"I didn't think I'd ever be able to finish high school," Francolino said. "I had to get a job. I worked as a waiter and at the A&P to support my son."
Denise Portillo attended North Bergen High School for almost two years, but she was having a host of problems there.
"I just didn't like it," Portillo said. "It wasn't for me. I wasn't a trouble maker, but I just didn't go to school. When the absences piled up and they wanted me to pay a fine of $100 per day for each absence, I couldn't afford to stay."
The same set of circumstances plagued another North Bergen native, Eliana Arango, who spent nearly three years at North Bergen High.
"I was absent a lot, because I had to stay home and take care of my brother," Arango said. "I was also having problems at home. It just got too much and I couldn't handle it anymore, so I left. I thought I would eventually get my GED (equivalency), but I didn't know for sure."
Enter KAS Prep, which stands for Knowledge and Advanced Skills, a subsidiary of the Hudson County Schools of Technology in North Bergen that gives former troubled students throughout the county an alternative to complete high school in a true high school setting.
In the last six years, approximately 200 Hudson County students ages 16 through 19 attend KAS Prep, which is located in the same building as High Tech High School and the Hudson County Adult Education School on Tonnelle Avenue in North Bergen.
The students are referred to KAS Prep from their former high schools as students who would have normally gone on to graduate high school, if not for a series of personal circumstances - ranging from teen pregnancy, alcohol and substance abuse, behavioral problems and simple truancy.
"[They were] what other schools would consider bad kids or at-risk students," said KAS Prep's principal, James Doran. "They would probably not function in the traditional high school setup. We've had students who have had a variety of problems. Some had no adult supervision at home, but they were able to come here."
The unique school gives these students who were pegged as future high school dropouts the opportunity for a second chance to finish high school in a very different setting.
The general school day runs from 1 p.m. to 6 p.m. - which gives students who had difficulty getting up in the morning the chance to start classes later in the day.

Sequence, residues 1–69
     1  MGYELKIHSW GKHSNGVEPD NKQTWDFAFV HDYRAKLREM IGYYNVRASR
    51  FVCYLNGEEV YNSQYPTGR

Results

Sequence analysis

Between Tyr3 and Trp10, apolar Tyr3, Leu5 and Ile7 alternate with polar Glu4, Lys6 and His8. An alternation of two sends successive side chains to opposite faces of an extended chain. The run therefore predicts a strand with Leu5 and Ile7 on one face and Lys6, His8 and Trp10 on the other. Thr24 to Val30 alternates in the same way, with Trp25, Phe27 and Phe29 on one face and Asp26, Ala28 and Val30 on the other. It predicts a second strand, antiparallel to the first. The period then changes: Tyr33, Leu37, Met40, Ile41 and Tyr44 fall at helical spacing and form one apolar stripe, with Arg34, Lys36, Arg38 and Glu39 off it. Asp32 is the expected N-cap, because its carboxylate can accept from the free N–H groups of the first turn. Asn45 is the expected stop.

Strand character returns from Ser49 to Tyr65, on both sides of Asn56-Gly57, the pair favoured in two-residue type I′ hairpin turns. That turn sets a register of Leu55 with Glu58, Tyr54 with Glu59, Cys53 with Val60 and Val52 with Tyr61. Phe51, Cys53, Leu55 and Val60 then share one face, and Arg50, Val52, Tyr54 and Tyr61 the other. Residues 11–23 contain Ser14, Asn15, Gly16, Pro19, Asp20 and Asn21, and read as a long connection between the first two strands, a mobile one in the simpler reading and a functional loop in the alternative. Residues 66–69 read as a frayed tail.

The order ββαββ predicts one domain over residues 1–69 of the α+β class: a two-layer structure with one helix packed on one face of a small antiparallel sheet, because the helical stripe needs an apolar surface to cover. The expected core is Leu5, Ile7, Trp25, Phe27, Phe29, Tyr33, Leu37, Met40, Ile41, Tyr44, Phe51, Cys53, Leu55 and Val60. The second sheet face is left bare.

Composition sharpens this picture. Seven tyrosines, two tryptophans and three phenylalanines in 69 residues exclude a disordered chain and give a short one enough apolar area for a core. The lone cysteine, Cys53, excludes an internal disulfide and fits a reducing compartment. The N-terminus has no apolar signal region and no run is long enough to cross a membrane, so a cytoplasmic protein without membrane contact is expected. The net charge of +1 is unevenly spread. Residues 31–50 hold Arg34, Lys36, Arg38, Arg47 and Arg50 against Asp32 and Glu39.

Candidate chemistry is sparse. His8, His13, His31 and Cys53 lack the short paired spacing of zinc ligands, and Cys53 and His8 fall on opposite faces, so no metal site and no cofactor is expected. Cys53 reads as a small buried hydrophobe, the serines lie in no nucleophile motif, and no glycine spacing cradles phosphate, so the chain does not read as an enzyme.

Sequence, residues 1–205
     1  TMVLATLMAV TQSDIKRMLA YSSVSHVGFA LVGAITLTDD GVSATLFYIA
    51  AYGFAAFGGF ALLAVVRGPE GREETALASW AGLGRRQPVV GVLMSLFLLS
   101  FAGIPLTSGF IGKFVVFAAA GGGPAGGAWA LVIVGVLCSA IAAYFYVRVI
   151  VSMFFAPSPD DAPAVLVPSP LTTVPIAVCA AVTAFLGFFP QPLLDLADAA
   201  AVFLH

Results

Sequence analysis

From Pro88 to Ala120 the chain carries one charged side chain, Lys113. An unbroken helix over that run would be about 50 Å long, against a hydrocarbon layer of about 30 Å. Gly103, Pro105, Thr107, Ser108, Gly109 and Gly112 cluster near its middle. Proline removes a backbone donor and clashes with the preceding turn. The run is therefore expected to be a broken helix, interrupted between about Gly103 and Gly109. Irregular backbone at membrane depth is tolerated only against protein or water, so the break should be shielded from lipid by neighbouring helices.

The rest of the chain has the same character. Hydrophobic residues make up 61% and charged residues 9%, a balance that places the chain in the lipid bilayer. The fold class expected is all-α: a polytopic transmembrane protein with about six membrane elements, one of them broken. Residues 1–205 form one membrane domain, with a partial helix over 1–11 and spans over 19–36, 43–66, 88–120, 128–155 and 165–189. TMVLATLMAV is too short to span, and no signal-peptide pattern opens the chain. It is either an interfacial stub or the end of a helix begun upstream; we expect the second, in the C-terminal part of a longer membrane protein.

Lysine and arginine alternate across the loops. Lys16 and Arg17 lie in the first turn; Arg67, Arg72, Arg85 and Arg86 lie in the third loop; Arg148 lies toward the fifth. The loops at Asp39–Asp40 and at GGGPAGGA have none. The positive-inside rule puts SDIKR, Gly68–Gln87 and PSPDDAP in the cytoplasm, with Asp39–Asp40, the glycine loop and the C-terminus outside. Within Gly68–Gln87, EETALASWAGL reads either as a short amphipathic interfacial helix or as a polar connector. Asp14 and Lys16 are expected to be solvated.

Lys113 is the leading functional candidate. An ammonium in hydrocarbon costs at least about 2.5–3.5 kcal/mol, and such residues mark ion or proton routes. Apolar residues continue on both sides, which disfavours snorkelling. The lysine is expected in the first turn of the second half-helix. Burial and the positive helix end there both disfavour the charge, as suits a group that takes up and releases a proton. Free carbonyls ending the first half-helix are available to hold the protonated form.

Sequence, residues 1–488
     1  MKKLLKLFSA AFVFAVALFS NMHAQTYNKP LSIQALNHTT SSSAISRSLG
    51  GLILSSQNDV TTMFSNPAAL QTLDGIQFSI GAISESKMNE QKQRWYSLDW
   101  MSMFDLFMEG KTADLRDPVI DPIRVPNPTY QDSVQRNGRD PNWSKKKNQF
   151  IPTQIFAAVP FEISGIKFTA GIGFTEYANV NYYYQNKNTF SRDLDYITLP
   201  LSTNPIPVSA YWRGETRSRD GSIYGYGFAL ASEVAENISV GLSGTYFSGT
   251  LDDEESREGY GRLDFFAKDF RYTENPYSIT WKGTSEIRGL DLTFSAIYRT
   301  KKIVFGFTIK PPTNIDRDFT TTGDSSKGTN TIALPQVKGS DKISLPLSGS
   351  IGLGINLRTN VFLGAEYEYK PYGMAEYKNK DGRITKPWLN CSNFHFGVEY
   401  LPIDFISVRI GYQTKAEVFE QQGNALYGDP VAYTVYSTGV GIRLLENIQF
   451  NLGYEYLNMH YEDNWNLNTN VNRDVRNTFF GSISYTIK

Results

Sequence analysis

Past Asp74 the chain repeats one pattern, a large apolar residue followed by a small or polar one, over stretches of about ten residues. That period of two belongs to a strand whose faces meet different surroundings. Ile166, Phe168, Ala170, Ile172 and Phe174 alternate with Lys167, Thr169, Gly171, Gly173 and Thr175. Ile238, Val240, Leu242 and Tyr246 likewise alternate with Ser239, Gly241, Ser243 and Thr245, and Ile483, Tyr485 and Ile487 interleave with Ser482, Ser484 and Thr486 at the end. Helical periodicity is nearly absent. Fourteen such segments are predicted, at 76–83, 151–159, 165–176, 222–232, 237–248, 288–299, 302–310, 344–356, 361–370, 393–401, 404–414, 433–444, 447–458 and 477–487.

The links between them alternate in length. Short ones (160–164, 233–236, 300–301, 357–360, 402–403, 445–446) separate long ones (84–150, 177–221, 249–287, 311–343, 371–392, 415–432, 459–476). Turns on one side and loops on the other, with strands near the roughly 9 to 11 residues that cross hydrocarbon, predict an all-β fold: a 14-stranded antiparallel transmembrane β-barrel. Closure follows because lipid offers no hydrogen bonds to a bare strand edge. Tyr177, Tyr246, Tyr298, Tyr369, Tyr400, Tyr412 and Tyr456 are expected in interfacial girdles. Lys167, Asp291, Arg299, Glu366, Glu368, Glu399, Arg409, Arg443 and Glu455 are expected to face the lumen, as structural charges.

For someone like Francolino, who works as a waiter until 2 a.m. almost every day, he's able to secure some more sleep.
"That's a big help," Francolino said.
More assistance comes from the school's day care program. While the school's teen parents - 18 females and Francolino - attend school, their children are cared for in the school's nursery.
"We have a bus that comes and picks up the student and their baby," Doran said. "The babies go to the nursery and the students go to class. When girls have babies, they tend to find that traditional school days are just too difficult. We did studies to find that these were the most productive hours."
Doran said that the students are given the basic high school core curriculum required by the state.
"Our students have to complete the same amount of hours in order to receive a diploma," Doran said.
Plus, KAS Prep's students also receive an array of career education opportunities in case the student wants to find a job right out of high school, instead of attending college.
"We have all different kinds of kids," Doran said. "Because they're here doesn't mean that they are of low academic achievement. We want to offer them all different kinds of opportunities."
There are some companies, like Verizon, that offer employment as service technicians right after completing KAS Prep's course of study as well as Verizon's in-house training sessions that take place at the school. Other students are given different training, like office training, in order to join the work force.
But a good majority of KAS Prep's students go on to attend college, either on the two-year community college level or the four-year traditional college or university.
"Nearly 85 to 90 percent of our students move on to the next level," Doran said. "Where in the past, students like this would have moved on to another school at a 15-to-20 percent rate. That's a remarkable total. We've been quite successful."